DNF – 84K by Claire North

DNF – 84K by Claire North

I had to give up on 84K by Claire North which makes me so sad. I've loved everything I've read/listened to by her, but I just couldn't finish this one. I was listening to the audiobook which is 13 1/2 hours long and gave up with about 1 1/2 hours left. Peter Kenny was the narrator and I've enjoyed books he's done before. I just couldn't struggle to finish it anymore. I didn't care enough about the main character's mission to finish. Here's the info: I don't know if was too long- Theo spends a lot of time traveling, on the run but also with revenge in mind. Or was it too dark - it's a really depressing world where no one has it easy. The concept was great and the writing is typical North, which I like, unfinished sentences and all. It just didn't work for me here. Cut maybe 100 pages out, tighten it up a bit, and I may have loved it. I...
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The End of the Day by Claire North

Charlie is the Harbinger of Death. It's his job. He's a mortal, has no super powers except a support staff at an office somewhere who are great at making reservations, getting him across borders and out of jail, and paying ransoms. He meets good people and terrible people, and sometimes he's sent for ideas or ways of life and not individuals. He celebrates Life and we travel with him. That's what we do, we see what he sees, hear what he hears, including random snippets of conversation, go where he goes. We're with him when he meets people, gives them gifts, tells them he is the Harbinger and sometimes he comes as a warning and sometimes as a courtesy. We're with him as he listens to people's life stories and when he is beaten and held prisoner. After all, not everyone is happy when the Harbinger of Death shows up; some are though. Yes, sometimes we see slices of the lives of the...
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The Master by Claire North

Ah - the last of the trilogy. I'm sad to see it end. Honestly - read it. If you enjoy fantasy or games or just thrillers for that matter, this is a great set of novellas. In this last one, we even have a love story of sorts. This time around the game is chess and our narrator has become one of the players, a player in the Great Game - the game for control of the Gameshouse. His name is Silver and he's been working toward this moment for ages. He's a King in the game, of course, and has gathered forces that he can deploy. His opponent has her own resources, possibly more powerful than his. This one had even more action than the last two. Chess is a dangerous game, but it also has more meaning - for the world as a whole and for Silver personally. My one complaint had to do with a part near the end. Silver...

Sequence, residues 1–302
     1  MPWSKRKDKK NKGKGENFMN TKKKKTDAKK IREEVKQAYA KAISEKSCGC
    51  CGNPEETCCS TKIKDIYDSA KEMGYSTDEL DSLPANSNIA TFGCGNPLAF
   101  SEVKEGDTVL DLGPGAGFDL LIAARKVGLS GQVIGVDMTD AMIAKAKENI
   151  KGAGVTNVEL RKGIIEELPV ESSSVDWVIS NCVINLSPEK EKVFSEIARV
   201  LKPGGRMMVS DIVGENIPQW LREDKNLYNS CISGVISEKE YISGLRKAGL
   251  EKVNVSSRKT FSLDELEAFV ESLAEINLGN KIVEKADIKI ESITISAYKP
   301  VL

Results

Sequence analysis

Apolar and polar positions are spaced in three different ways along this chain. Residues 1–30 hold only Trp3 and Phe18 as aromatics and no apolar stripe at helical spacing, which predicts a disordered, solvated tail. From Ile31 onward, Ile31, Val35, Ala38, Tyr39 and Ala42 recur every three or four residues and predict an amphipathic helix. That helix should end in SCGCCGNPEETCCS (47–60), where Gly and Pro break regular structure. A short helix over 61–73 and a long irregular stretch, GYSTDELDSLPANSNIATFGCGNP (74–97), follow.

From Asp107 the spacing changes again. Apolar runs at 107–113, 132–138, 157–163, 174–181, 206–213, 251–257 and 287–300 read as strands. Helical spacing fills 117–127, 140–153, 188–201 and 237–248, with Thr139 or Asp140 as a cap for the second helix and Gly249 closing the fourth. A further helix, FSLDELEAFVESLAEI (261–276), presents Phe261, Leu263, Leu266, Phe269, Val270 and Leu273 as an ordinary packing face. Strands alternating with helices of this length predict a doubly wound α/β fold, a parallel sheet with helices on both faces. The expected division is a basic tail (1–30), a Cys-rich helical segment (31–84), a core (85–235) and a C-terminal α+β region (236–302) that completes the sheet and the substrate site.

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The Thief by Claire North

I'm not a fan of playing hide-and-seek. When I was a kid, I was always afraid everyone else would go inside or to another kid's house and just leave me hiding. I don't think it ever actually happened, but that doesn't mean I didn't worry about it. And it was even worse if it was dark. The hide-and-seek game in The Thief is awesome though. The "board" is Thailand in the 1930s and the stakes are huge, but the game might be unfairly weighted. This is the second in the trilogy and I think they should definitely be read, or listened to, in order. Thene's game in The Serpent was not exactly fair either, but that was nothing in comparison to the disadvantages our player is dealing with here. It's a thread thoughout - the Gameshouse may not be as fair as it (she) would like you to believe. Once again, North does  wonderful job building her world. Thailand in the 30s...
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The Serpent by Claire North

We play a lot of games at our house- for me it's mostly board games. I just don't feel the draw of video games that Amber and David do, but I love board games. We play a variety, from old standards to newer ones, board games, card games, dice. That's what drew me to the Gameshouse trilogy. I love that North took playing games and made into a world transforming power. The Serpent is the first of the novellas. The story is told to us by the narrator, an unseen watcher who takes us with him as he observes the gamers. He's sly and smart and his outlook rubs off on us. I listened to the audio and this narration style worked really well that way. The narrator was the narrator, if that makes sense. It's short, but rich and full. I love the way North uses language and world she creates, both of historic Venice and the Gameshouse itself. Thene is an...
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